The Basics of a Divorce in Austin


One of the most common questions an Austin Divorce Attorney is asked is, “What's the difference between a contested and an uncontested divorce?” An uncontested divorce is a divorce in which the parties have reached an agreement on all issues, including spousal support, visitation, child support and division of property and debt. A contested divorce is a divorce in which the parties are not in agreement on all issues. Even if the parties are in agreement on all but one issue, the divorce is considered contested.

Most uncontested divorces are no-fault. This means that the neither party is placing blame for the divorce on the other party. The plaintiff in an uncontested divorce will typically plead that the marriage has become unsupportable due to personality conflicts or other differences that make it impossible for the marriage to survive. In an uncontested divorce, the parties must reduce their agreement to writing, sign it, and file it with the court. An uncontested divorce can be finalized at the end of the 60-day waiting period.

A contested divorce takes much longer and is much more expensive than an uncontested divorce. A contested divorce usually involves “discovery” which is the process whereby each party is given the opportunity to examine the other party's evidence in an effort to narrow the issues in the case. After the discovery period has ended, there will be a hearing where they judge or jury will decide the case.

A plaintiff in a contested divorce may plead no-fault and fault grounds as the basis for the divorce. Fault grounds recognized under the Texas Family Code are:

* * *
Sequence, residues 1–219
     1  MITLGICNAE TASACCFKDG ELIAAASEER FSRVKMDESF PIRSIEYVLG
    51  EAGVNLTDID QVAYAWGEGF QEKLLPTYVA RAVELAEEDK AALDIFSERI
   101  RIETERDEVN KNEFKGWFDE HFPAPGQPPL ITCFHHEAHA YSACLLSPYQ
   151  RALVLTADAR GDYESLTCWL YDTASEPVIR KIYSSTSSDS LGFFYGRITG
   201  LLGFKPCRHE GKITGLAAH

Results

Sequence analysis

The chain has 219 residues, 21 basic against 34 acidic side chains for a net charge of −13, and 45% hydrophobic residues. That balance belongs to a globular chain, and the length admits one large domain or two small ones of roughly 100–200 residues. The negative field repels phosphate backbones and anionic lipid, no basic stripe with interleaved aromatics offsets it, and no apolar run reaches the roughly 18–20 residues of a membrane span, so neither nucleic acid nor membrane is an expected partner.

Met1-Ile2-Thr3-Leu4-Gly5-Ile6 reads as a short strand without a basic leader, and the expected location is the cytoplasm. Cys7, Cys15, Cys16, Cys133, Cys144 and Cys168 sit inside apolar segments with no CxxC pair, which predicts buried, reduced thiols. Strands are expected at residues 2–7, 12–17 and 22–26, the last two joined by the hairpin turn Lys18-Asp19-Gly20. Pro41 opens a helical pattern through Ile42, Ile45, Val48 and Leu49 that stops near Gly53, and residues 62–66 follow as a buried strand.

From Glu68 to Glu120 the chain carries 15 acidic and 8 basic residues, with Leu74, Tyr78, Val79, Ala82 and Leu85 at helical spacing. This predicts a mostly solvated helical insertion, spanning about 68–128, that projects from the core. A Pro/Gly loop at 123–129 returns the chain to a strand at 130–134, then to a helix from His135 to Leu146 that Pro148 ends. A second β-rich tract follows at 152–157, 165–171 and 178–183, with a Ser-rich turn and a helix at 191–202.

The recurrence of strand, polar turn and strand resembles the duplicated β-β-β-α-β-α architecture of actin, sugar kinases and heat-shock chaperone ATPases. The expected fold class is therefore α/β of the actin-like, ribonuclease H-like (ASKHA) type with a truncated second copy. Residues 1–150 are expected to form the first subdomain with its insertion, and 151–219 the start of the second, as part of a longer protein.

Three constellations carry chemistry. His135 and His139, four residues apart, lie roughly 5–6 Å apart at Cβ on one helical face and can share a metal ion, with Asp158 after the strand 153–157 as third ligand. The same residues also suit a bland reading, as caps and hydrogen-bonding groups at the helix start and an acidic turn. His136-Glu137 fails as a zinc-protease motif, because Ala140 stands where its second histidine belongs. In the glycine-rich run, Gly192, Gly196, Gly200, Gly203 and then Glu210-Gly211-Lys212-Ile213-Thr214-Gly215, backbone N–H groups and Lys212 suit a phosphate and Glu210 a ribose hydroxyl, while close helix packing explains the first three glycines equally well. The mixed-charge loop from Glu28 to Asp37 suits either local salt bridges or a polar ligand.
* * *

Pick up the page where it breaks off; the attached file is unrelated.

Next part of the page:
• Cruelty;
  • Adultery;
  • Conviction of a Felony;
  • Abandonment;
  • Living Apart; and
  • Confinement in a Mental Hospital.

In order to obtain a divorce, whether contested or uncontested, certain residency requirements must be met. Texas divorce law first requires that either the plaintiff or the defendant have been a resident of the State of Texas for at least six months before the divorce complaint is filed. Additionally, either party must have resided in the county in which the complaint for divorce is filed for at least 90 days prior to the commencement of the case.

Regardless of whether an Austin divorce is contested or uncontested, the first step in the divorce process is filing the petition or complaint for divorce. The petition must be filed in county where the opposing spouse (the defendant) resides. After the petition has been filed, it must be served on the defendant by the sheriff or a private process server. Once the complaint has been served, the defendant must file an answer within a specified time period. If the defendant fails to file an answer, Texas law prohibits the entry of a default judgment in favor of the plaintiff.

If the plaintiff files an answer, the discovery period begins to run. The parties may conduct depositions and engage in all other legal discovery methods, such as requesting the other side to answer questions, known as interrogatories, or to produce documents related to the issues in the case.

As you can see, divorce is a very complex process and whether your divorce is contested or uncontested, the only way to protect your interests is to be represented by an experienced Austin divorce attorney. An Austin divorce lawyer will review your case, recommend an appropriate course of action, and work closely with you as your case progresses to ensure that you get the best possible outcome under the circumstances.

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